Julia Gillard was sworn in as Australia’s prime minister Tuesday, faced with leading a fragile coalition government after scraping back into power in the wake of a cliffhanger election.
Gillard, Australia’s first woman prime minister, formally returned to office nearly a week after cobbling together a wafer-thin majority with the backing of Greens and independent MPs.
“I, Julia Eileen Gillard, do solemnly and sincerely affirm and declare that I will loyally serve the Commonwealth of Australia in the office of prime minister,” she told Governor-General Quentin Bryce.
The ceremony caps weeks of drama after Gillard deposed ex-leader Kevin Rudd in a party revolt and called elections that produced the first hung parliament in decades, leaving her relying on Greens and independent MPs for support.
The unmarried former “Ten Pound Pom”, who arrived from Wales as a child in 1966, was flanked by ex-hairdresser partner Tim Mathieson and her deputy, Treasurer Wayne Swan, as she took the oath.
Gillard’s first cabinet as an elected leader, which was due to be sworn in later, contains potential divisions with Rudd sitting alongside party powerbrokers credited with orchestrating his sudden and surprising demise.
The prime minister was forced into a late change just hours before the oath-taking by announcing a minister for Aboriginal health, following strong complaints when the post was left out of the original line-up.
Ex-Midnight Oil singer Peter Garrett returns with an education brief despite being reprimanded after a botched free home insulation scheme that was blamed for four workers’ deaths and hundreds of house fires.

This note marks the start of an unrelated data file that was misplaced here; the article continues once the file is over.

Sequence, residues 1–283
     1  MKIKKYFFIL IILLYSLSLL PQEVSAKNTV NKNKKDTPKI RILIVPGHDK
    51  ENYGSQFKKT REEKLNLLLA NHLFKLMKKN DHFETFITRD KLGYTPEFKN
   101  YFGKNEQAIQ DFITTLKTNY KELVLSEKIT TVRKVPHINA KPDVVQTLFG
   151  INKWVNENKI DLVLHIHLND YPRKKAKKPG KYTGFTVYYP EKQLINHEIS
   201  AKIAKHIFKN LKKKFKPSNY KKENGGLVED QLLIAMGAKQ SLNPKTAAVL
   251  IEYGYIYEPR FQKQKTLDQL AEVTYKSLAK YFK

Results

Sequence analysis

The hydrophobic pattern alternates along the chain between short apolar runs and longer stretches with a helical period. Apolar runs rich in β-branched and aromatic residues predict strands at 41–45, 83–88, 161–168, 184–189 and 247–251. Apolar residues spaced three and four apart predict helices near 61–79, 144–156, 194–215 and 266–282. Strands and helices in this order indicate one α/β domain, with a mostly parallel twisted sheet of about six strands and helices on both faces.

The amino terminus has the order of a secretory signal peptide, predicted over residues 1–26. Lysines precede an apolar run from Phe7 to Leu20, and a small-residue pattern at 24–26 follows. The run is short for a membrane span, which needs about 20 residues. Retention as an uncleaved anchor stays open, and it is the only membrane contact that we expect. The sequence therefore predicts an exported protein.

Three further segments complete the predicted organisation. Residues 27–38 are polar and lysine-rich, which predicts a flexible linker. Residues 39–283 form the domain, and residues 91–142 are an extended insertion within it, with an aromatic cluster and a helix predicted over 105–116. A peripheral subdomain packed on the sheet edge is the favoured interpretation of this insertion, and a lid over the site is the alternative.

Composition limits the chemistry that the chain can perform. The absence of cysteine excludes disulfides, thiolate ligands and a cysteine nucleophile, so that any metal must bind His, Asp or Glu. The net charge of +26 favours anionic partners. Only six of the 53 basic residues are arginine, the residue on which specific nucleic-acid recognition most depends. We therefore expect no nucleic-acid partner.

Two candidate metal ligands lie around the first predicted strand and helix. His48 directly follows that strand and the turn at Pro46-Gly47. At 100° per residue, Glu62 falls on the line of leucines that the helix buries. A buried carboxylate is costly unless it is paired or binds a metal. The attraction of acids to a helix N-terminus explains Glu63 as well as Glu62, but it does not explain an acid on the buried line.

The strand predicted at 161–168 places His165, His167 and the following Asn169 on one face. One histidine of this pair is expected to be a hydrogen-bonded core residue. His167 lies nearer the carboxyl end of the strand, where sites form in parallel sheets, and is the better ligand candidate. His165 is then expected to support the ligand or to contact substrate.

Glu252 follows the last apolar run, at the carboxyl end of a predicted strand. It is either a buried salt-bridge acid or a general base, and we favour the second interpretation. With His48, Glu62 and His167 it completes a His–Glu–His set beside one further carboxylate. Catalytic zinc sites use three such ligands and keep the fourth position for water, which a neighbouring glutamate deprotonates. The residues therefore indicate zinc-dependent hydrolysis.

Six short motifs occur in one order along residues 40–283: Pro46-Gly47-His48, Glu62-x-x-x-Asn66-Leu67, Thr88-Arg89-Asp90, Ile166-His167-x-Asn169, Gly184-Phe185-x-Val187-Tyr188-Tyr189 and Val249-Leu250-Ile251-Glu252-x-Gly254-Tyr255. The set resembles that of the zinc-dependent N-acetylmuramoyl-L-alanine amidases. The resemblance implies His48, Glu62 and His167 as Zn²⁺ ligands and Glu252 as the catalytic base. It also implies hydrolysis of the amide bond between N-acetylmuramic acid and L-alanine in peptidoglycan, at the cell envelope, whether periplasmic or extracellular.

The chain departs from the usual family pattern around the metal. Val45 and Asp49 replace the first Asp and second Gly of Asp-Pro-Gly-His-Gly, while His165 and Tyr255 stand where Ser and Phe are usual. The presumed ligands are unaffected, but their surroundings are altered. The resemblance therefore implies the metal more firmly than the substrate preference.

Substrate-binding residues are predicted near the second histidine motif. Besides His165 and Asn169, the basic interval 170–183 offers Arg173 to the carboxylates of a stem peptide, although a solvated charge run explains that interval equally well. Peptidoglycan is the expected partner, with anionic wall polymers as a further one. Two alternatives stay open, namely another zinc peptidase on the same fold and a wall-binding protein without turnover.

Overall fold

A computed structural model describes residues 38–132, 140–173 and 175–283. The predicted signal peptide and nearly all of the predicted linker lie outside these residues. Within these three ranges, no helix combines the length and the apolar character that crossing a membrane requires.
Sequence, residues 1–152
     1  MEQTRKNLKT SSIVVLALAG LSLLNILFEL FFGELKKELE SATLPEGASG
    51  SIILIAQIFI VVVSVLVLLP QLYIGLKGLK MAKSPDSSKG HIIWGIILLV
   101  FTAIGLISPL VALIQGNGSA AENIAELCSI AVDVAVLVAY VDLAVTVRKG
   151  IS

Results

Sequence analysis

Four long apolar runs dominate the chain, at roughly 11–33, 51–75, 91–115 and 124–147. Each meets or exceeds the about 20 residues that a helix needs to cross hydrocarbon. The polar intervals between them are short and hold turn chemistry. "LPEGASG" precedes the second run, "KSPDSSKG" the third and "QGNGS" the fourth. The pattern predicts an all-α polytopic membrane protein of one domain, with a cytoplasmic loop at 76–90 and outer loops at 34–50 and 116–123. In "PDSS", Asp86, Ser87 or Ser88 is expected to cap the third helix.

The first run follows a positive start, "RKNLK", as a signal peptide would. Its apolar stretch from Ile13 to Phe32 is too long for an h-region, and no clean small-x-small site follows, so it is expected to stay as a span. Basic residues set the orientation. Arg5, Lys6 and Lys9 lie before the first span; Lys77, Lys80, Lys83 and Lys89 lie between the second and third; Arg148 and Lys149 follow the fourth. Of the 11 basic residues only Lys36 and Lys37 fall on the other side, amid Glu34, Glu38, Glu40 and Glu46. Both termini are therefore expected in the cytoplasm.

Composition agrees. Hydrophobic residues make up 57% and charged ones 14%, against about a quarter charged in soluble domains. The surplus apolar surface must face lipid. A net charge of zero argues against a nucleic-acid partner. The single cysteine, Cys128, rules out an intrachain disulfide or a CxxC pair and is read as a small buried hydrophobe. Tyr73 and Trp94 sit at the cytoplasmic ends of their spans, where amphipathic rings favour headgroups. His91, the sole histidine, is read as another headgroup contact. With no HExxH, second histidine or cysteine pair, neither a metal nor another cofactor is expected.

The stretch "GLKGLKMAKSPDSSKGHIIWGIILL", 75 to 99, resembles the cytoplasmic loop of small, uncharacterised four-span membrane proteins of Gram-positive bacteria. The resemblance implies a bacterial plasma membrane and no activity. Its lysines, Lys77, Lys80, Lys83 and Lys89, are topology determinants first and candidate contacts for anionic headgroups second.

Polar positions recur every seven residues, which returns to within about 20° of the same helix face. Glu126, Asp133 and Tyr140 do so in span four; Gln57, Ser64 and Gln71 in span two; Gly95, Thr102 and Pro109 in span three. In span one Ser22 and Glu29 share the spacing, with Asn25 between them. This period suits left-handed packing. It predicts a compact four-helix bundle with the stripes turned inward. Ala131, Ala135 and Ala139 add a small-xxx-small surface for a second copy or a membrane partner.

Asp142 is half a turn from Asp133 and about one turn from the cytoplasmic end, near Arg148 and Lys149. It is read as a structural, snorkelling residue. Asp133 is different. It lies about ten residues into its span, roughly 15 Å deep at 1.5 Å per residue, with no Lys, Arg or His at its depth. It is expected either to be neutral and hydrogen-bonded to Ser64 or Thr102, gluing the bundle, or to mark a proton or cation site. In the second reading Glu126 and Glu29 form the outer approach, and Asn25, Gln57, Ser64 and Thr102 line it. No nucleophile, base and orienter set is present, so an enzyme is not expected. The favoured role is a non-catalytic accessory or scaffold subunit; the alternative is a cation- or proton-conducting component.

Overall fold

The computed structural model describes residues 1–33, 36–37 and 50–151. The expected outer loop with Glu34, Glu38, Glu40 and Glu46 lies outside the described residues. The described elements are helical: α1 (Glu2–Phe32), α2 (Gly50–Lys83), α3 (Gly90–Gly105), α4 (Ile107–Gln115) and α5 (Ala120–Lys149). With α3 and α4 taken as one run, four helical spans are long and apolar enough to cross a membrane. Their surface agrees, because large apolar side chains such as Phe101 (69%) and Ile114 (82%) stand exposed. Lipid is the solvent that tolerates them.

Garrett is one of three government members sharing education after Gillard, a former education minister, decided to split the ministry, prompting concerns among student groups and universities over a possibly fractured approach.
Disillusionment with the major parties was blamed for creating Australia’s first minority government since World War II, despite strong economic growth and low unemployment underpinned by buoyant mining exports to Asia.
Gillard has promised to introduce a new tax on resources profits and measures to ease pollution, while maintaining an eclectic coalition which groups an environment-minded MP with two conservative-leaning independents.
Gillard controls just 76 seats in the 150-member House of Representatives, meaning a single defection or absence could produce stalemate in the lower house.
Analysts say the new government is a “delicate” arrangement which will require constant negotiation.
“I think it’s going to be inherently unstable,” said political commentator Peter van Onselen. “It’ll be delicate and it’ll require the government to take an issue-by-issue approach to its legislation.”
Gillard sensationally ousted Rudd on June 24 and called polls three weeks later, banking on a wave of support.
But the anticipated honeymoon period failed to materialise as many voters turned away from the two main parties and handed the environment-focused Greens a record ballot share.